Glaucoma refers to damage to the optic nerve in the eye. Usually, this occurs along with raised pressure inside the eye, but in normal tension glaucoma, pressure in the eye is within the typical range.

Scientists do not fully understand the cause of normal tension glaucoma.

Often, it does not cause symptoms to begin with, but it can lead to eye damage and vision loss.

In this article, we will explain what normal tension glaucoma is, the symptoms, risk factors, and treatments.

An older man covering one eye due to normal tension glaucoma.Share on Pinterest
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Glaucoma is an eye condition in which damage occurs to the optic nerve in the eyes. Normal tension glaucoma (NTG) is a form of the condition where pressure inside the eye falls within a typical range of less than 21 millimeters of mercury (mm Hg).

With other forms of glaucoma, pressure inside the eye increases, leading to vision loss. Intraocular pressure does not rise in NTG, but vision loss can still occur.

Another characteristic of NTG is that it is an open angle type of glaucoma. In open-angle glaucoma, the angle between the iris, or colored part of the eye, and the cornea (the transparent part of the eye covering the iris) is 20–45°.

NTG is more common in some groups than others. For instance, reports suggest that around 2.3% of the population in Asia experience primary open-angle glaucoma (POAG), with NTG making up more than 70% of these cases. Around 2% of white Europeans also have POAG, but only about 33% of these are NTG cases.

In Africa, around 3–8% of people have POAG, and around 50% of these are NTG cases. Studies have not yet explored why these differences exist. However, researchers think that as life expectancy increases, POAG and NTG will become more common in general.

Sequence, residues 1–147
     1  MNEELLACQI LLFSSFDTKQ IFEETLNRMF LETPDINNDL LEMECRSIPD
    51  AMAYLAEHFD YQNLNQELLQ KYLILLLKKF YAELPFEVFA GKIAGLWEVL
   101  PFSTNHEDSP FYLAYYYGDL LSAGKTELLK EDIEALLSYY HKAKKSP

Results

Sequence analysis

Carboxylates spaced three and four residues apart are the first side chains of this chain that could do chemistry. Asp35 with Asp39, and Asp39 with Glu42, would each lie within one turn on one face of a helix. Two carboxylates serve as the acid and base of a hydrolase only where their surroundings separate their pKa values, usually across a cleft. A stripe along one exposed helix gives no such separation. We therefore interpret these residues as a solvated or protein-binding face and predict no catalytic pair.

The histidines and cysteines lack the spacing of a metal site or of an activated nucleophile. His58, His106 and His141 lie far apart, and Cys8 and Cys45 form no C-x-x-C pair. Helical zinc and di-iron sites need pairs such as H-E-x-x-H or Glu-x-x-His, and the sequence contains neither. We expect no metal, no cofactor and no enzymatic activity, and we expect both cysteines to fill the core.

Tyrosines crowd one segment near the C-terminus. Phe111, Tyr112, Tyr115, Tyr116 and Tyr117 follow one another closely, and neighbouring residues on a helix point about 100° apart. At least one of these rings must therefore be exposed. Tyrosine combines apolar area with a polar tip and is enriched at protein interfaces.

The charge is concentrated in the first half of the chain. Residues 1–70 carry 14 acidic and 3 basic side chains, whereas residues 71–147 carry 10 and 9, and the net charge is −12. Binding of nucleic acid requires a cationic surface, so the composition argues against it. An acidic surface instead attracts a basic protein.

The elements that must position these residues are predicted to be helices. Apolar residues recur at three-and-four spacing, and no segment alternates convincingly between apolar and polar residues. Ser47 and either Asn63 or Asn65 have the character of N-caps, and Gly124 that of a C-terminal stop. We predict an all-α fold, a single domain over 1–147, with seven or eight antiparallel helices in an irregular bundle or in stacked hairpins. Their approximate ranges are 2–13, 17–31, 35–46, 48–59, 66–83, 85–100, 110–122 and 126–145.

Other names for the condition include normal pressure glaucoma, low tension glaucoma, or low pressure glaucoma.

To begin with, people with NTG often have no symptoms. A doctor may have noticed some potential signs of glaucoma during an eye exam, leading a person to seek a diagnosis.

When symptoms do occur, people do not always notice them. This is because the symptoms can begin gradually and may only affect one eye. If the condition does not affect the other eye, a person’s vision may seem typical.

One of the main potential symptoms of NTG is vision changes or loss. This can include:

  • difficulty seeing in low-contrast situations, such as when driving at night
  • difficulty adjusting to extremely bright or low light
  • glare from bright light
  • changes in a person’s peripheral vision or visual field

Researchers have not yet worked out how the disease process works in NTG. Even though intraocular pressure (within the eye) in people with NTG is in the typical range, it may still play a role in the cause of the condition.

Additionally, evidence suggests that as many as 21 in 100 people with NTG have a family history of glaucoma, which indicates that it has a genetic component.

It is likely that multiple factors lead to nerve-cell loss in the retina, causing NTG. Other mechanisms that may play a role in the condition include:

  • vascular dysregulation
  • intracranial pressure, which is the pressure inside the skull
  • atypical functioning of the lamina cribrosa, which is a mesh-like structure at the optic nerve head that supports the cells that form the optic nerve